Mentions: GGF induced a significant, approximately fourfold increase in the overall rate of Schwann cell proliferation, which is normally quite low in these mature cultures (i.e., from 1.4 to 6.4% after 36 h of BrdU incorporation). When MBP+ Schwann cells were analyzed, the mitogenic effects of GGF depended on the extent of demyelination. A small percentage of Schwann cells with apparently intact myelin sheaths were BrdU+ in the treated cultures. As myelinating Schwann cells normally do not proliferate (Salzer and Bunge 1980; see also Fig. 6 A), a labeling index of 3% in such cells is significant. These results indicate that proliferation of myelinating Schwann cells can occur in the absence of obvious demyelination. Cells with myelin sheaths in late stages of degeneration proliferated the most extensively in response to GGF treatment, exhibiting a labeling index of 27%; several examples are shown in Fig. 6 C. Strikingly, most Schwann cells, even those with significant myelin degeneration, did not proliferate during the 36-h treatment period; thus, 97% of cells with moderate and 73% of those with advanced myelin sheath degeneration remained unlabeled (Table ). The latter results indicate that GGF-induced demyelination does not require Schwann cells to re-enter the cell cycle. After 48 h of GGF treatment, demyelination was more extensive and the labeling index increased to ∼50% in those cells with extensive myelin sheath degeneration. Even at this later time point, however, many Schwann cells with substantial demyelination were unlabeled. Taken together, these studies indicate that demyelination does not require Schwann cell proliferation and that proliferation typically occurs when demyelination is quite advanced.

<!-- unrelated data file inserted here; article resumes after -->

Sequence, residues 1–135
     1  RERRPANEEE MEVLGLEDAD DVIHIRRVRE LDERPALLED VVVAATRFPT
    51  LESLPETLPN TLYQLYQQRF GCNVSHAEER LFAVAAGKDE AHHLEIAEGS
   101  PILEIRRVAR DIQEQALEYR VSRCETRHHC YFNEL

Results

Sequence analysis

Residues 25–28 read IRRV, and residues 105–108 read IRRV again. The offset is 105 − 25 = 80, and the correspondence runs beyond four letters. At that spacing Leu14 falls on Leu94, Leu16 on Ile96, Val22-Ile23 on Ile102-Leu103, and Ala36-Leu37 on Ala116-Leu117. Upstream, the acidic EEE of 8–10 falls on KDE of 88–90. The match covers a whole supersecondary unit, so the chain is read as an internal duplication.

Glial growth factor/neuregulin inhibits Schwann cell myelination and induces demyelination.

Zanazzi G, Einheber S, Westreich R, Hannocks MJ, Bedell-Hogan D, Marchionni MA, Salzer JL - J. Cell Biol. (2001)

Demyelination and proliferation are not obligately linked. Myelinated cocultures were incubated with BrdU for 36 h in media without (A and B) or with (C and D) 200 ng/ml GGF. The cocultures were then fixed and stained for BrdU (green) and MBP (red); nuclei are stained with Hoechst (blue). In control cultures, myelinating Schwann cells do not incorporate BrdU (four representative nuclei are encircled in A and B), whereas BrdU-positive nuclei are relatively common in GGF-treated cultures, typically in cells undergoing extensive demyelination (C, arrowhead and inset). Note also that the nuclei of several degenerating myelin sheaths are BrdU− (*). This increase in BrdU labeling was associated with actual Schwann cell mitosis as BrdU+ nuclei were also present as doublets (C, inset). Bar, 40 μm.